The Canon EF 70-200mm f/2.8L IS II USM lens has been around for a few years now but considering the long product life of its workhorse predecessor, which debuted in 2001, expect this essential zoom to be kicking it for quite a while. Announced, for some reason, in the lead up to the Consumer Electronics Show in 2010, the Canon 70-200mm f/2.8 IS II is the kind of lens every pro photographer has in his or her bag but, perhaps, never fully appreciates.
I tested the Canon 70-200mm f/2.8 II recently while reviewing the Canon EOS-1D X for the November 2012 issue of PDN and though Canon’s loaded new flagship DSLR provided the initial dazzle, it was my experience with the 70-200mm II that has stuck with me. Here’s what I liked about this solid and versatile zoom lens.
Body and Build
At first glance, the Canon 70-200mm f/2.8 II looks remarkably like its predecessor but that’s to be expected: Pro lenses don’t vary dramatically in their appearance through the years. But look closer at this EF-series Canon white lens and you’ll notice some subtle changes.
Specifically, there is the wider, rubber focusing ring on top of the lens barrel, which I really appreciated when shooting while wearing gloves. The small ribs on the ring helped me get a good grip to set precise focus adjustments both with gloves on and without.
The same was true of the zoom ring, which seemed about the same size as on the previous model, with larger rubber ribs that also offered a good grip. Zooming in and out with the lens was smooth but firm, and I experienced no lens creep issues with the Canon 70-200mm f/2.8 II (i.e., it did not inadvertently extend from its own weight).
Speaking of weight, the 70-200mm f/2.8 II is on the heavy side, weighing in at over three pounds and, believe me, you feel every ounce of it. I used the lens as part of an ongoing wildlife photography project I’ve been shooting, which requires a lot of trail riding on mountain bikes. Stuffing the lens and DSLR combo into a photo backpack seemed like a good idea at first but after a day on the trails, my backside was feeling it. You also probably don’t want to hand-hold this lens for extended periods of time so I’d suggest also bringing a monopod or tripod.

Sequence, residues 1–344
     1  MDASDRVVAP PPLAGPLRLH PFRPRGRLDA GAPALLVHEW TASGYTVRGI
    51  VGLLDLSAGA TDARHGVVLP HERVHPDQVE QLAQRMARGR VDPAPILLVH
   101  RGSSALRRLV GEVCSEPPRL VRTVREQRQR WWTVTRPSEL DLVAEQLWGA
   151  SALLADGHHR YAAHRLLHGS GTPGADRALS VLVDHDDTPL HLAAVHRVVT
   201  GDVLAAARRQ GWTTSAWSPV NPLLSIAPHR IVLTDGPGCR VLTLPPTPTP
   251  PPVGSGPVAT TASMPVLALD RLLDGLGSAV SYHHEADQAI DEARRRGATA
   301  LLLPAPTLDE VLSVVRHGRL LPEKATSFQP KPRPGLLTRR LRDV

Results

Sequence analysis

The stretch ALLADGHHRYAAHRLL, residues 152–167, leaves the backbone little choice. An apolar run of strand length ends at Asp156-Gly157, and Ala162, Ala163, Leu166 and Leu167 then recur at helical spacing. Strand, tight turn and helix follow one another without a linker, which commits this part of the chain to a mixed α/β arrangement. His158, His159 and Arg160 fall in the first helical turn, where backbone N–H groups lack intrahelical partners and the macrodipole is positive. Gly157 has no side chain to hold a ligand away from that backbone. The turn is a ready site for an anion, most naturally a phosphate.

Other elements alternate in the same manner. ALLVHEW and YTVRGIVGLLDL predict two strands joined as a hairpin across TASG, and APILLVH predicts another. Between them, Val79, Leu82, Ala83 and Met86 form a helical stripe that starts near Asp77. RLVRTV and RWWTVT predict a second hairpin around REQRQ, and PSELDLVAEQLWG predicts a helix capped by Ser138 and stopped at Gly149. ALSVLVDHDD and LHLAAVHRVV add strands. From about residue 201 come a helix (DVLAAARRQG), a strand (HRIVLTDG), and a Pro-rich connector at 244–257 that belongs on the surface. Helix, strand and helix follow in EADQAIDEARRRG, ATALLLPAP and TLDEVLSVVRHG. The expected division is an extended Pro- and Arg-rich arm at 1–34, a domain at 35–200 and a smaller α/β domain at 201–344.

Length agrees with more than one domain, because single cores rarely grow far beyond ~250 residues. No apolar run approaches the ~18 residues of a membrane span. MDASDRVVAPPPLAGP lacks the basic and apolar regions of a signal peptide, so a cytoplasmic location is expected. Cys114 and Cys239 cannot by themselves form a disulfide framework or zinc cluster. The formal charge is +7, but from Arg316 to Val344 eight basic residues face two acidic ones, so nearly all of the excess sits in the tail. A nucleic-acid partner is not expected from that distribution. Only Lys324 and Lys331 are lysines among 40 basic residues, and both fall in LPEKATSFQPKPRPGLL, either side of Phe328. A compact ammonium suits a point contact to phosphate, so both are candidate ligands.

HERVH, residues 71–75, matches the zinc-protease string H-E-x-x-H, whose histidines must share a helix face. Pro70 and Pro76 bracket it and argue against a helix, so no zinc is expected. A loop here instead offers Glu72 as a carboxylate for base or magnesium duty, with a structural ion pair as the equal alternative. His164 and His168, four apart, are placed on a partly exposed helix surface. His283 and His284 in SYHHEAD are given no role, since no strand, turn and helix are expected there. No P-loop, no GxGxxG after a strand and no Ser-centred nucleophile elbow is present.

There’s a reason behind that weight: This lens is built tough. With weather and dust sealing throughout, the 70-200mm f/2.8 II is designed to withstand a variety of shooting conditions. For my wildlife photography project, which took me to foggy, moisture-rich swamps and marshes, the lens experienced no problems. If you anticipate you’ll be stuck in some heavy downpours though, I’d suggest bringing some fully waterproof rain covers for both your camera and lens.
The 70-200mm f/2.8 II has a new bayonet mount on the front that lets you lock on the included lens hood so it doesn’t accidentally go askew or slip off.
Image Stabilization: The Next Generation
As indicated by its model name, the Canon 70-200mm f/2.8 features new IS (Optical Image Stabilizer) technology, which Canon says offers up to four stops of correction against camera shake across the entire focal range. In contrast, the previous version of IS in the Canon 70-200mm f/2.8 offered only a reported three stops of correction.